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Sample size determination for classifiers based on single-nucleotide polymorphisms.

Biostatistics 13(2):217 (2012) PMID 22285993

Single-nucleotide polymorphisms (SNPs), believed to determine human differences, are widely used to predict risk of diseases. Typically, clinical samples are limited and/or the sampling cost is high. Thus, it is essential to determine an adequate sample size needed to build a classifier based on SNPs. Such a classifier would facilitate correct classifications, while keeping the sample size to a minimum, thereby making the studies cost-effective. For coded SNP data from 2 classes, an optimal classifier and an approximation to its probability of correct classification (PCC) are derived. A linear classifier is constructed and an approximation to its PCC is also derived. These approximations are validated through a variety of Monte Carlo simulations. A sample size determination algorithm based on the criterion, which ensures that the difference between the 2 approximate PCCs is below a threshold, is given and its effectiveness is illustrated via simulations. For the HapMap data on Chinese and Japanese populations, a linear classifier is built using 51 independent SNPs, and the required total sample sizes are determined using our algorithm, as the threshold varies. For example, when the threshold value is 0.05, our algorithm determines a total sample size of 166 (83 for Chinese and 83 for Japanese) that satisfies the criterion.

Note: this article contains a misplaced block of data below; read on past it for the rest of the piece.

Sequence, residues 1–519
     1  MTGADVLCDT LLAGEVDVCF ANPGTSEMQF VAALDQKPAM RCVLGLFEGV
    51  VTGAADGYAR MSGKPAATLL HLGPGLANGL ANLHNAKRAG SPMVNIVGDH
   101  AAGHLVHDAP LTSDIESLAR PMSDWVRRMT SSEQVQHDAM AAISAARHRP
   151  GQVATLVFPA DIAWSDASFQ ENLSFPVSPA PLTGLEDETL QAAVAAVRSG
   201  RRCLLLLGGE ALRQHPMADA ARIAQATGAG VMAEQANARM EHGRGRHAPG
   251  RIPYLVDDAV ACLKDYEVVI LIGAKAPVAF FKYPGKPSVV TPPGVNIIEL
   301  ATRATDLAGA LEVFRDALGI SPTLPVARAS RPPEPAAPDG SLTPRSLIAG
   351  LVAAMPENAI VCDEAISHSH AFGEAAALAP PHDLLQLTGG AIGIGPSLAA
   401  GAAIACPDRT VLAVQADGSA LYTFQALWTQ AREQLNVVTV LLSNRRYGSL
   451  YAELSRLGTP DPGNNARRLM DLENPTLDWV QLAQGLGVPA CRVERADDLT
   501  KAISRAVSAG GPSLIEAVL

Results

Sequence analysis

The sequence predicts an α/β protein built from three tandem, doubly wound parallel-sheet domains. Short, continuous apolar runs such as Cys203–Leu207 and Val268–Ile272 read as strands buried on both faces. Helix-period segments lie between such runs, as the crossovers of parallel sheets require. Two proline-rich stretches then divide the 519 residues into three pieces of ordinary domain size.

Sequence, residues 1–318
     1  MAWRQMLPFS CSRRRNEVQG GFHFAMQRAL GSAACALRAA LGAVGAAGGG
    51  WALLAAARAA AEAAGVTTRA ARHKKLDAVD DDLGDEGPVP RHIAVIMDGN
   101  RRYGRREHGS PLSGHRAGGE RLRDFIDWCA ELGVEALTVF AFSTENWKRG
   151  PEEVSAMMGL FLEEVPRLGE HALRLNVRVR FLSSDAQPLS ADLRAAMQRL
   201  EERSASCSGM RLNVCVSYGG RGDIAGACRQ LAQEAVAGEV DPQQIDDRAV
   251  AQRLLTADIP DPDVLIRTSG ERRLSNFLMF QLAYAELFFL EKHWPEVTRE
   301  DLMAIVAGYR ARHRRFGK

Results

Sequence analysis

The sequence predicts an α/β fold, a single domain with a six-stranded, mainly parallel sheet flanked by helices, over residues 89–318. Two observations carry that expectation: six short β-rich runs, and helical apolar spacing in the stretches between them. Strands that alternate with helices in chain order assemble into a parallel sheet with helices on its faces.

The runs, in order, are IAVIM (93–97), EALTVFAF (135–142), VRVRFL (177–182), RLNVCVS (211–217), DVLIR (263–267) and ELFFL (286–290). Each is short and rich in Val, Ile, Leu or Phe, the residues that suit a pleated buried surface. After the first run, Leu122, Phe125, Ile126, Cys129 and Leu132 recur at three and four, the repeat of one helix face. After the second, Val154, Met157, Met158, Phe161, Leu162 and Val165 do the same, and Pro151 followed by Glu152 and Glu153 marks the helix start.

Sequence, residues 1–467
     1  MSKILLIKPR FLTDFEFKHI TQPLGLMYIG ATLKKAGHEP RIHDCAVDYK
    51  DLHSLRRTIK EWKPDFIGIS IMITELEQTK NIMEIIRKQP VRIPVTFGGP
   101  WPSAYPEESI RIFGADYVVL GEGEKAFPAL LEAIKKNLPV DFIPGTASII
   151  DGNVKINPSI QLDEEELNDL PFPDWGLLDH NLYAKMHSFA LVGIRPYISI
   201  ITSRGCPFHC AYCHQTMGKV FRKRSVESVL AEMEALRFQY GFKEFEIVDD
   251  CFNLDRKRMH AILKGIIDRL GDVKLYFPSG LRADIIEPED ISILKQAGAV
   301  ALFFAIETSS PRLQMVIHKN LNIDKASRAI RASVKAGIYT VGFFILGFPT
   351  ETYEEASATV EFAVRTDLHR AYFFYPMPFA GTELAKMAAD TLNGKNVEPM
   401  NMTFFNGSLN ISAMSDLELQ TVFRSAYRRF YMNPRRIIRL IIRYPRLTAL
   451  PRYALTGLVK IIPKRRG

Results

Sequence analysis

DOI: 10.1093/biostatistics/kxr053